Below is a small class talk I gave on the hierarchical multi-labeling classification framework I outlined in my previous ‘Future of Tagging’ posts. I did a small experiment classifying tech news articles as Pro/Anti- Microsoft/Google (along with some other tags like the tech category and whether the article is a blog or publication based off the text of the piece). The results are very promising – even with such a small corpus of training documents the classifier performed very well. I do have some ideas on how to further improve accuracy, so when time cycles free up I’ll add those to the code and rerun it on a bigger and better (in terms of tag structure) training data set. By then I’m hoping the code will look less embarassing for public release and the results will be more conclusive – but until that day here are the presentation slides:
5 thoughts on “Hierarchical Multi-Labeling Presentation Slides”
Hey, What are ‘tag normalization violations’ (Slide 13)
Also, a second question: I don’t see how your multi-labelling binary classification yields a hierarchy. As I understand it, if you feed doc.txt into a ‘happy-classifier’ you get back a 0 or a 1. Even if you do this for other classifiers as well, how does this give you any sort of hierarchy?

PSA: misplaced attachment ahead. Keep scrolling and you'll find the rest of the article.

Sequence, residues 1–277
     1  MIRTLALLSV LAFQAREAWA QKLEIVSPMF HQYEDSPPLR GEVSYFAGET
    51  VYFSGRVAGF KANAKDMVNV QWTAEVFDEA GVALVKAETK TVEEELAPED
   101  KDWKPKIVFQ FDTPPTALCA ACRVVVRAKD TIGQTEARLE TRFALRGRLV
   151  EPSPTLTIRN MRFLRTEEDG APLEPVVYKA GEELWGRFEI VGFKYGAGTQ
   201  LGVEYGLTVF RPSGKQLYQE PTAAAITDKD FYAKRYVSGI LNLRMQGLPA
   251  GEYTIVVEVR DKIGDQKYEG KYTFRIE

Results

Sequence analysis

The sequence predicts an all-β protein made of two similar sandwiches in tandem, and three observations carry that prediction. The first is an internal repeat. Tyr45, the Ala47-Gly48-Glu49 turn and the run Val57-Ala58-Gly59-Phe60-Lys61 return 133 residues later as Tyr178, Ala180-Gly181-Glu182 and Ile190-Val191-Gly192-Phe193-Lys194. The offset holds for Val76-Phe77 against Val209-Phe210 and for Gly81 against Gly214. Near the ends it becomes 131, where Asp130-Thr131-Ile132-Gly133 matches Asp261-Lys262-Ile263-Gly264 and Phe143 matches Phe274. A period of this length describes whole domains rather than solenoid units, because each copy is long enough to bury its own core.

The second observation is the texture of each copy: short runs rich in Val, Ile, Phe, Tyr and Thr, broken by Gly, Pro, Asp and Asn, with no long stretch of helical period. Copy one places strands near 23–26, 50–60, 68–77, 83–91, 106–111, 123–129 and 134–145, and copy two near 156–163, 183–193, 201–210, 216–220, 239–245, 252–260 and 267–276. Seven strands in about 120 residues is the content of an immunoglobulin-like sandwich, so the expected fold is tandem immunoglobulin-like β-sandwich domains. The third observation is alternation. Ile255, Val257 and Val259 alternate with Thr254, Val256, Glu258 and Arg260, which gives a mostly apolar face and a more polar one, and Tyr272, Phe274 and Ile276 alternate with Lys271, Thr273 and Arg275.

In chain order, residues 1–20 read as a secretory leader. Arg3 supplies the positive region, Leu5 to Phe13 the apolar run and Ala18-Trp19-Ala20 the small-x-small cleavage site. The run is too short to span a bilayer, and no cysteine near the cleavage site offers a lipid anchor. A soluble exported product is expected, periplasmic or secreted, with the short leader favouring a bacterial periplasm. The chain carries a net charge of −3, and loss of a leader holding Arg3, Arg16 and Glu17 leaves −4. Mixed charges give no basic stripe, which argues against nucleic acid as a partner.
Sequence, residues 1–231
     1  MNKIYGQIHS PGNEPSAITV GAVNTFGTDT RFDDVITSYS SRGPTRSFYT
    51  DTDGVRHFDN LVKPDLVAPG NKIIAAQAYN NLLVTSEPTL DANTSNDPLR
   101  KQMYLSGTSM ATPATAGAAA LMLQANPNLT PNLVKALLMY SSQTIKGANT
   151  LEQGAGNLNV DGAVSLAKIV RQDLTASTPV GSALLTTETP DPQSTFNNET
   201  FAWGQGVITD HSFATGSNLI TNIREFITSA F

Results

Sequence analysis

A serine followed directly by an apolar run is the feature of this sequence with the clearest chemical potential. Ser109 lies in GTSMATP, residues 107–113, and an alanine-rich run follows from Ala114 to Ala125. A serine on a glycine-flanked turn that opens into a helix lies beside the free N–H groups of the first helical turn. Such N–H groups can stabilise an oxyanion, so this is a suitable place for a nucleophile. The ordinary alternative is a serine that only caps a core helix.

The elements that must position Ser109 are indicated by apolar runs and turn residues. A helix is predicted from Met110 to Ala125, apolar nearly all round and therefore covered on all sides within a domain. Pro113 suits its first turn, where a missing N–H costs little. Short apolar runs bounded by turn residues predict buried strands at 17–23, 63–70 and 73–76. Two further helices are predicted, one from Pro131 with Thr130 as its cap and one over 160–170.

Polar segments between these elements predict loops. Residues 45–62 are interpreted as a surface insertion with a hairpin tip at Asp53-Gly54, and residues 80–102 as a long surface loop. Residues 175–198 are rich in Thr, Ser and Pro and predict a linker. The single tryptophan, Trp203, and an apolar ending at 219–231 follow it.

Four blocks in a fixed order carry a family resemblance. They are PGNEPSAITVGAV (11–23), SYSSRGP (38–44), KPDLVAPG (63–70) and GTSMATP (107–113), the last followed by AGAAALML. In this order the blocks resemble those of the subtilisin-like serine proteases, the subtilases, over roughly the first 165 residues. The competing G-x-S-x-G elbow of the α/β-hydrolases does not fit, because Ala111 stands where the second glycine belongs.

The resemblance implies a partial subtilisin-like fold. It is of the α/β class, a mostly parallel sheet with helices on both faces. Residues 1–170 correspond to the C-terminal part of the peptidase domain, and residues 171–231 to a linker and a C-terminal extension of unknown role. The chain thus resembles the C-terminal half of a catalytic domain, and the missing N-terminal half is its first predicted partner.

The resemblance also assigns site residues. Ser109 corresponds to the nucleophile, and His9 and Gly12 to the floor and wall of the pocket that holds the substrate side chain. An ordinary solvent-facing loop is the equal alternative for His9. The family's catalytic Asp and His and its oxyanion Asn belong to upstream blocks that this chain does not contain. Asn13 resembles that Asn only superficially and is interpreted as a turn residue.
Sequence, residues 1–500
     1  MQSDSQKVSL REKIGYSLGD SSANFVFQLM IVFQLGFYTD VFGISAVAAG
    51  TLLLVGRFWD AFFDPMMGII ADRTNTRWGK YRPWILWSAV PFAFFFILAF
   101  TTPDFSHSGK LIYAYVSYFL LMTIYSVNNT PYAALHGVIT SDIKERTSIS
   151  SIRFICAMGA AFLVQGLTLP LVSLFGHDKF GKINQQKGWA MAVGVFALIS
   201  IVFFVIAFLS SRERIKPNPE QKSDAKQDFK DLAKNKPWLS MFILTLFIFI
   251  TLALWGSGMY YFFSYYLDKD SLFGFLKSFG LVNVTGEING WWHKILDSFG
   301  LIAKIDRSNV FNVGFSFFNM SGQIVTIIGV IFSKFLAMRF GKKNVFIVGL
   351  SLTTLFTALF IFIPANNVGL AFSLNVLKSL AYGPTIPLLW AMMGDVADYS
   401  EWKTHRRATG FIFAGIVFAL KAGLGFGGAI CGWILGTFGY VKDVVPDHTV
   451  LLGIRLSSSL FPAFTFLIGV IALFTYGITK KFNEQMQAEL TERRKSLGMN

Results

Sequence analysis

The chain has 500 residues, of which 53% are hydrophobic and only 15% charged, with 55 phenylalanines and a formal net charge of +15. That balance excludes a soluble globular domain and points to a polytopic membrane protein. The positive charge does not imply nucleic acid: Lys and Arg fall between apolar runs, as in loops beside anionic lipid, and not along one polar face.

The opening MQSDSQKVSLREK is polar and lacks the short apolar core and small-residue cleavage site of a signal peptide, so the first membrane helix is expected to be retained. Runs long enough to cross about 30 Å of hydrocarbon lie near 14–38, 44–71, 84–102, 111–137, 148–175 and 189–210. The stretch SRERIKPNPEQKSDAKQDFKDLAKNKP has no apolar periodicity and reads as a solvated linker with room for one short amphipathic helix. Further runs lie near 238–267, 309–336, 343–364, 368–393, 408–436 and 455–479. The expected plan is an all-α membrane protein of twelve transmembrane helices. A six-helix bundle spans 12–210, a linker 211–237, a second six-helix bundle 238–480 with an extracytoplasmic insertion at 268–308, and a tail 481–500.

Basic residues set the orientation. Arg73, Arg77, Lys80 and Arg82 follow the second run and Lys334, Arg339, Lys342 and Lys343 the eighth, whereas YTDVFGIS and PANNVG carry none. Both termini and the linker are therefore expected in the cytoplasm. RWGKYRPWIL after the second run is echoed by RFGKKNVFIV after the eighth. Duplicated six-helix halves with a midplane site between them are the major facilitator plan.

Refer to Slide 9 which discusses what the tag normalization rules are. Basically if the bitstring (produced by the binary classifiers) associates 1’s to multiple tags in the same tree then there’s a violation.
This notion also buys into your second question. You design the tag trees (hierarchies) beforehand, and for each leaf tag you create a binary classifier (refer to the Future of Tagging Part II article which discusses how to build a more specific training data sets based off these trees). Pass in your new input through each classifier, get back a 0/1 for each – a bitstring associating 1’s or 0’s to the leaf tags. Now use the tag hierarchy here to detect errors (according to the rules on Slide 9) and sample solutions that correct them. So basically, we just use the tag hierarchy to enforce a little structure on how the solution should look like. Binary classification does not ‘yield a hierarchy’ per say – it just helps us ballpark an initial solution. One of the goals of this project was to demonstrate how a little tag structure (i.e. the tree or hierarchy) can help boost classification accuracy.
Hope this helps. Btw, these slides really rely on the presentation talk, so my apologies if some parts seem incomplete. I’m hoping I can produce something more in-depth when time permits.
Yes, everything is much clearer now. Can you suggest any papers which try to solve this problem by focusing on learning rather than by decoupling learning / error correction?